6. To international bloggers, like me, I want to tell you that I know that the feeling of being left out without a valid reason hurts you. I know that you put up lots of time in your blogs and reviews every day and this is, by no means, the gratitude you deserve. I’m not going to say that the things will get better because I don’t know that. That is Goodreads, Netgalley and publishers’ place to say on whether we’ll be taken seriously any time soon.

I want to clarify some things, I don’t mean to insult US bloggers with this post, I love you all, I think you’re great, especially with the way you try to understand international bloggers. I also don’t think I’m entitled to ARCs, eARCs or giveaways, I think it’s just a hurtful decision to take those away without valid reasons and without caring who you hurt in the process.

Also, Laura @thebookcorps wrote a very detalied post on the same issue, so check her out, please!

Maja also wrote a post about it and you can find it here.

What are your thoughts on this issue? Did their decisions affect you?

Book Review : #MeToo



I requested this book off Netgalley because I’m interested in this movement and what it means for our world as we know it. I’ve wanted to combine this review with some others, I’ll write for ARCs I requested from Netgalley, but decided it against it. You know why? Because I’d rather include a discussion on misogynism, sexual abuse, harassment and feminism.



I will start with the discussion, if you’re not interested, you can check my review down below!

I’ve been a feminist for some years now, a movement that I’m most grateful to, because before I was aware of its existence, I felt all those gender-based injustices and was so frustrated because I had nothing to turn to, no one to turn to. I found out about feminism from tumblr (you’re probably rolling your eyes right now, but as imperfect as tumblr feminism is, it’s something!) and I’ve felt like my issues weren’t mine anymore, I belonged to a group that shared my opinion that things had to change for the better.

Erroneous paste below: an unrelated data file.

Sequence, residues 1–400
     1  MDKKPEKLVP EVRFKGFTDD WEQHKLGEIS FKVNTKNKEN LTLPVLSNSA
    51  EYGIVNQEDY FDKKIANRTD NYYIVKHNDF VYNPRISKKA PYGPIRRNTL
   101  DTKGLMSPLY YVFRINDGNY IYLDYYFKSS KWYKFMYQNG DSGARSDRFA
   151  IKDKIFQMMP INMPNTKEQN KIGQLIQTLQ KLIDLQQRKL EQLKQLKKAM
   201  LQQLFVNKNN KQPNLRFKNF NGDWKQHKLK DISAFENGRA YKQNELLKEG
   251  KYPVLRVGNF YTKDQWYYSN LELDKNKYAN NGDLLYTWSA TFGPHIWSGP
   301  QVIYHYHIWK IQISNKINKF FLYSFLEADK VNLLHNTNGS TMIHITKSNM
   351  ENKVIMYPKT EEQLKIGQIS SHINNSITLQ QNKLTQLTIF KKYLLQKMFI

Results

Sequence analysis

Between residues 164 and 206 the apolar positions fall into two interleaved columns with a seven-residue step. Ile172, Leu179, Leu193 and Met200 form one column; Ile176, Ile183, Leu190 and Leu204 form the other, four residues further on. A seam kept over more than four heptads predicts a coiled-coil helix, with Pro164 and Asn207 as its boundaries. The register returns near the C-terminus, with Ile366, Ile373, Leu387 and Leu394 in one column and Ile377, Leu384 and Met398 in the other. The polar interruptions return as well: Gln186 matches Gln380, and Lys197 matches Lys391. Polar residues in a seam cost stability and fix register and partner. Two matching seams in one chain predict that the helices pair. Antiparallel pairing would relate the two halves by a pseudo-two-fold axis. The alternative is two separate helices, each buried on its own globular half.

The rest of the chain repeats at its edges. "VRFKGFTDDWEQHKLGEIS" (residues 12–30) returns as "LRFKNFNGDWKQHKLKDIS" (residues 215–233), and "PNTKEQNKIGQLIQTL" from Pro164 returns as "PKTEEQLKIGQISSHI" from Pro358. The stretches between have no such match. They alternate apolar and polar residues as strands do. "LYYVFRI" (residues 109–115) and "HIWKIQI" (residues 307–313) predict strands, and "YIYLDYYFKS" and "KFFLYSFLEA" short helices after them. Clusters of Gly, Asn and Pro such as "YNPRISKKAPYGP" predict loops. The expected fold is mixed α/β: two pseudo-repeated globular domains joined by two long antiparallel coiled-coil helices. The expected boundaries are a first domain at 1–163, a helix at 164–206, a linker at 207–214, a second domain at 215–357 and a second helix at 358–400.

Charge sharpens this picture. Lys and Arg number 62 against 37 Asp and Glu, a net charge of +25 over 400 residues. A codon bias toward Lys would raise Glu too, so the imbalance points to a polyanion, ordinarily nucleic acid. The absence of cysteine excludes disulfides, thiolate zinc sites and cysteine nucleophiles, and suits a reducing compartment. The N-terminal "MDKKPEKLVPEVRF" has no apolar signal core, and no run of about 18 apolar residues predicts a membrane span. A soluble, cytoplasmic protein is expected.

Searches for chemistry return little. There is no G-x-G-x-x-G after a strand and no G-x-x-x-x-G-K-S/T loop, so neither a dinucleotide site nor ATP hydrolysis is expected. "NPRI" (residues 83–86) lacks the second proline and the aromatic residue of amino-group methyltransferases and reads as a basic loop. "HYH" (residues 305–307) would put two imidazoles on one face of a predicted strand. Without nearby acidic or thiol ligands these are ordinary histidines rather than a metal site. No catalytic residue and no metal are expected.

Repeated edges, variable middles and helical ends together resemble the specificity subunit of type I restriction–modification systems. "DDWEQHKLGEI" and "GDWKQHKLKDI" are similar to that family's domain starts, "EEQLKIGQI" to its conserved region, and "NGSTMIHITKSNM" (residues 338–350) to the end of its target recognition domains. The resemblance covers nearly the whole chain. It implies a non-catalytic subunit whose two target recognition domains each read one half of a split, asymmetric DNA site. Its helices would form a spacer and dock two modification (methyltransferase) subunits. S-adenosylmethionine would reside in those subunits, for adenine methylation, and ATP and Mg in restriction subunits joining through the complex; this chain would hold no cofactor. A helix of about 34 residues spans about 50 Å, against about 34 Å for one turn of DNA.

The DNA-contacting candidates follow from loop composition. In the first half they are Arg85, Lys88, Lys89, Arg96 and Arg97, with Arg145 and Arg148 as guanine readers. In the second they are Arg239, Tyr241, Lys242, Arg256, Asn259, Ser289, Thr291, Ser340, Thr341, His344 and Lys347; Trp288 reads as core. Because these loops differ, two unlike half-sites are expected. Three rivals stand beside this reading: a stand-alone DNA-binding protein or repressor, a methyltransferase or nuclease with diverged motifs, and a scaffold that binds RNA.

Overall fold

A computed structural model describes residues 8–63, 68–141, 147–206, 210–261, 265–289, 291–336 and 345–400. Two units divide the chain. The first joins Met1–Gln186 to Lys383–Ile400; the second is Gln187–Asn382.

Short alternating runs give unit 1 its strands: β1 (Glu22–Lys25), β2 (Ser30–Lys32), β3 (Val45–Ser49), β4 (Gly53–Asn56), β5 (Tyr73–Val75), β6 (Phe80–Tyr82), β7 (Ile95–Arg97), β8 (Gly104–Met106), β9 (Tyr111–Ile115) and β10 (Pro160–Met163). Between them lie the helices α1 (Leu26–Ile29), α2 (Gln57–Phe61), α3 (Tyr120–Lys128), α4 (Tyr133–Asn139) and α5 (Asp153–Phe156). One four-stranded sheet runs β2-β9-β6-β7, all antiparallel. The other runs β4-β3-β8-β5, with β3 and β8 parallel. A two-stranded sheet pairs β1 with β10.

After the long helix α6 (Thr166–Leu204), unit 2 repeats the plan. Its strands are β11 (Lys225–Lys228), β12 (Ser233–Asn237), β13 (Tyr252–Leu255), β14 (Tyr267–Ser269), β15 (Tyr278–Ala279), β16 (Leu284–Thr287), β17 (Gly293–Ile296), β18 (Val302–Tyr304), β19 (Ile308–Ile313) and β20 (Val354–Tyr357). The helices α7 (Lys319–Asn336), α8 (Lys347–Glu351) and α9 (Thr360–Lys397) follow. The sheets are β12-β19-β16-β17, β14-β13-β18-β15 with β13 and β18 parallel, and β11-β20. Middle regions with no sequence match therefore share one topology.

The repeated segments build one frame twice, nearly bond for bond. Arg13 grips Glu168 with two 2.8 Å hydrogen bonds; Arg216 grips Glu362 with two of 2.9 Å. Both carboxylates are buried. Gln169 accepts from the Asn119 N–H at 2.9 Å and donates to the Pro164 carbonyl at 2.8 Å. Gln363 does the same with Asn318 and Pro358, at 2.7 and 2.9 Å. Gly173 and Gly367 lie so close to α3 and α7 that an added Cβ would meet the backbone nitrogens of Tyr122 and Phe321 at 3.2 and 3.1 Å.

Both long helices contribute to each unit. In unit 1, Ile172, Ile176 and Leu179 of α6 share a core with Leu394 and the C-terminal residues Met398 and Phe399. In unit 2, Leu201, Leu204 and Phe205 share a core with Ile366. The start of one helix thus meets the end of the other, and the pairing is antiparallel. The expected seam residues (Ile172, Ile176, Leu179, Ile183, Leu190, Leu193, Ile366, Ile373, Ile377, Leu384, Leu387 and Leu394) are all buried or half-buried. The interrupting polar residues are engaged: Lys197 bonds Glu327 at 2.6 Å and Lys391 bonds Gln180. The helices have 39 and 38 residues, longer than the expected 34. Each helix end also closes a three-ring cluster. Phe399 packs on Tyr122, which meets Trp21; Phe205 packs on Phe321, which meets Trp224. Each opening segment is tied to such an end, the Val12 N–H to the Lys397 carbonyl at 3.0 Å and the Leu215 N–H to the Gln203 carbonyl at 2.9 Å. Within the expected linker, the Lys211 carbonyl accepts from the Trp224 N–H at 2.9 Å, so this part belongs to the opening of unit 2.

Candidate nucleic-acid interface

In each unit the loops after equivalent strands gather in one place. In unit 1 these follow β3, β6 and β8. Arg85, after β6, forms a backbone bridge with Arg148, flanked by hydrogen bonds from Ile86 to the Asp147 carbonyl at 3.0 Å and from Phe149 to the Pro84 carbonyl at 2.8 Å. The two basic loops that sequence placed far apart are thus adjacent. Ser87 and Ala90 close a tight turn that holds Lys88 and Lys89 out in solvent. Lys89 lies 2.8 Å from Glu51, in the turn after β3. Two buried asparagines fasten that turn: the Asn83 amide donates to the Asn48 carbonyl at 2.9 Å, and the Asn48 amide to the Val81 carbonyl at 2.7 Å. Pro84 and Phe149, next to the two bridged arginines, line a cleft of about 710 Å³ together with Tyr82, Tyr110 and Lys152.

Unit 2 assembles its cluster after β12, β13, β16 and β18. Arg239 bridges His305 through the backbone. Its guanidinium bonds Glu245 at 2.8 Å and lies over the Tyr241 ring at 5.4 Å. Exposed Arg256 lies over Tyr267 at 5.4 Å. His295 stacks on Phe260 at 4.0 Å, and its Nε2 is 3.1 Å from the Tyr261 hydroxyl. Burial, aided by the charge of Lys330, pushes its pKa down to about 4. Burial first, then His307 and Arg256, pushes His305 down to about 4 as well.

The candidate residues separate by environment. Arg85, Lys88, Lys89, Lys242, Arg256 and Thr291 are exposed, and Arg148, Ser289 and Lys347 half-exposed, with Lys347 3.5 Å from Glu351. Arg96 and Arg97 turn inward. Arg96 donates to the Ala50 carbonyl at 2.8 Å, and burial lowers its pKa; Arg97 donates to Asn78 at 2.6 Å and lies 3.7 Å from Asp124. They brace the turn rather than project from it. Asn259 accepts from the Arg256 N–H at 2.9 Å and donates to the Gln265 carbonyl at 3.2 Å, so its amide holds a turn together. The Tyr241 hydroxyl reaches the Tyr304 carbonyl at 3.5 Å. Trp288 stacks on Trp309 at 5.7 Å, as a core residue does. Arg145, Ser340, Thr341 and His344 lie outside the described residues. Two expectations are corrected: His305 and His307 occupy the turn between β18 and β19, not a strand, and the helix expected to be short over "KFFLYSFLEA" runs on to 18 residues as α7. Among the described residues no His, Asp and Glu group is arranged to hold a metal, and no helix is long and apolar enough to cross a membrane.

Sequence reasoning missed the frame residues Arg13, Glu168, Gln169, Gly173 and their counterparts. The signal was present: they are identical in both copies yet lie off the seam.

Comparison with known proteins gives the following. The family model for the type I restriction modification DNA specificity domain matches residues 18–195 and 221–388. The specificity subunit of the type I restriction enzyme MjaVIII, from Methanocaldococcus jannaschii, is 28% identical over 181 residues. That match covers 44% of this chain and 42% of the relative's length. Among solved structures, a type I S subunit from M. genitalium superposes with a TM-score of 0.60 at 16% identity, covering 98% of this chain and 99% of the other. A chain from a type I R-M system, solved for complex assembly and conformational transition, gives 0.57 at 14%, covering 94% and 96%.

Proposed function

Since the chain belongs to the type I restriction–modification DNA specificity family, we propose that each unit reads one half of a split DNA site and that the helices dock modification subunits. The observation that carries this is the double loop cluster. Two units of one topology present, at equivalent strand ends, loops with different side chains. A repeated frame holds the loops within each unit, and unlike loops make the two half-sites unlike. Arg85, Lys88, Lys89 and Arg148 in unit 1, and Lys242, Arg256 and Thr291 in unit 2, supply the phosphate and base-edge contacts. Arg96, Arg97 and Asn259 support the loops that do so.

I continued to learn and read about it from other sources too, I’ve related to many issues these women spoke about, I couldn’t relate to some of them, but I empathized to them nonetheless. Because it’s goddamn hard to be a woman. It’s goddamn hard to have all this pressure on your shoulders all the time, the pressure to always look good and slim because otherwise you’re not good enough, but not too good and not too hot because men can’t contain themselves around you. To try to be smart, but not too smart because men are intimidated by smart women. To try to get a job, but know that you will never measure to your male co-worker.

I’ve been tired for a while now to be catcalled, to have to think a hundred times about whether I can go to a certain event because it might be too late or whether there’s a lot of traffic around that area because some jackass might try something. I’m tired of having men touch me without my permission, like my body belongs to them and not to me, like I’m just an object that they can ogle to.